Identical Strangers: A Memoir of Twins Separated and Reunited

Identical Strangers: A Memoir of Twins Separated and Reunited

by Elyse Schein, Paula Bernstein

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As seen in the hit documentary Three Identical Strangers • “[A] poignant memoir of twin sisters who were split up as infants, became part of a secret scientific study, then found each other as adults.”—Reader’s Digest (Editors’ Choice)


Elyse Schein had always known she was adopted, but it wasn’t until her mid-thirties while living in Paris that she searched for her biological mother. What she found instead was shocking: She had an identical twin sister. What’s more, after being separated as infants, she and her sister had been, for a time, part of a secret study on separated twins.

Paula Bernstein, a married writer and mother living in New York, also knew she was adopted, but had no inclination to find her birth mother. When she answered a call from her adoption agency one spring afternoon, Paula’s life suddenly divided into two starkly different periods: the time before and the time after she learned the truth. 

As they reunite, taking their tentative first steps from strangers to sisters, Paula and Elyse are left with haunting questions surrounding their origins and their separation. And when they investigate their birth mother’s past, the sisters move closer toward solving the puzzle of their lives.

Praise for Identical Strangers

“Remarkable . . . powerful . . . [an] extraordinary experience . . . The reader is left to marvel at the reworking of individual identities required by one discovery and then another.”—Boston Sunday Globe


“[A] fascinating memoir . . . Weaving studies about twin science into their personal reflections . . . Schein and Bernstein provide an intelligent exploration of how identity intersects with bloodlines. A must-read for anyone interested in what it means to be a family.”—Bust

Identical Strangers has all the heart-stopping drama you’d expect. But it has so much more—the authors’ emotional honesty and clear-eyed insights turn this unique story into a universal one. As you accompany the twins on their search for the truth of their birth, you witness another kind of birth—the germination and flowering of sisterly love.”—Deborah Tannen, #1 New York Times bestselling author of You Just Don’t Understand

“A transfixing memoir.”—Publishers Weekly

Product Details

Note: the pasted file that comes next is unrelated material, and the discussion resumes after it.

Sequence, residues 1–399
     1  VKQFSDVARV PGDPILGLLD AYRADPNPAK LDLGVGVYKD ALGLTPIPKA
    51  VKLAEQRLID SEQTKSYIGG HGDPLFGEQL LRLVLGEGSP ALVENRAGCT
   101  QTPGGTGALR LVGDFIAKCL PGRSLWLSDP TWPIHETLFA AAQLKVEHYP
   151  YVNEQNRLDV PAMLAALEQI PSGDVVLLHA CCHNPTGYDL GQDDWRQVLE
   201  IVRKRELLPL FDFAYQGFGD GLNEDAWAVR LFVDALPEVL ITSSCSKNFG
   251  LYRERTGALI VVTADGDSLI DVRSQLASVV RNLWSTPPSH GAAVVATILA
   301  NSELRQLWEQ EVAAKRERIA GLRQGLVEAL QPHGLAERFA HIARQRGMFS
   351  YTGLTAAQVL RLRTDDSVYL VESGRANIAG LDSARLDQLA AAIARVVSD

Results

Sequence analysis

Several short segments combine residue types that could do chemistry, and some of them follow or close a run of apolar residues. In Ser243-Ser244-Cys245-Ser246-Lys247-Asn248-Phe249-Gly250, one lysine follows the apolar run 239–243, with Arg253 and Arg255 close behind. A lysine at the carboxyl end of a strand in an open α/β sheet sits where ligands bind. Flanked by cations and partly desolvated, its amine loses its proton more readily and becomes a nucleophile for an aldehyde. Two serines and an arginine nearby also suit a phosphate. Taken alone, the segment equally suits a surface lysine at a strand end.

ISBN-13: 9781588366443
Publisher: Random House Publishing Group
Publication date: 10/02/2007
Sold by: Random House
Format: NOOK Book
Pages: 288
Sales rank: 148,737
File size: 5 MB

About the Author

Elyse Schein is a writer and filmmaker. Her short films “I Steal Happiness” and “Private Dick” have been shown at the Telluride Film Festival and at cinemas in Prague and San Francisco. A graduate of Stony Brook University, she studied film at FAMU, Prague’s Film and TV School of the Academy of Performing Arts. She has also worked as an English teacher, photographer, and translator. Schein lives in Brooklyn.

Paula Bernstein is a freelance writer whose work has been published in The New York Times, New York, The Village Voice, and Redbook, among other publications. Formerly a reporter at Variety and The Hollywood Reporter, Bernstein has also been a regular contributor to CNN. A graduate of Wellesley College, she has a master’s degree in cinema studies from New York University. Bernstein lives in Brooklyn with her husband and two daughters.

Read an Excerpt

Identical Strangers A Memoir of Twins Separated and Reunited

By Elyse Schein Random House Trade Paperbacks Copyright © 2008 Elyse Schein
All right reserved.

ISBN: 9780812975659




My mother, my adoptive mother, my real mother, died when I was six, but throughout my childhood I believed she watched over me from above. I held the few images that remained of her in my mind like precious photographs I could animate at will. In one, she sat before her dressing table, lining her charcoal eyes, preparing to go out with my dad one Saturday night. The scent of her Chanel No. 5 is enchanting.

I can still see her. She catches a glimpse of me in the mirror and smiles at me, standing in the doorway in my pajamas. With her raven hair, she looks like Snow White. Then, after her death, she seemed to simply disappear, like a princess banished to some far-away kingdom. I believed that from that kingdom, she granted me magical powers.

When I jumped rope better than the other girls in my Long Island neighborhood, I knew it was because my mother was with me. When I went out fishing with my dad and brother, my mother helped me haul in the catch of the day. By sheer concentration, I could summon her force so that my frog won the neighborhood race.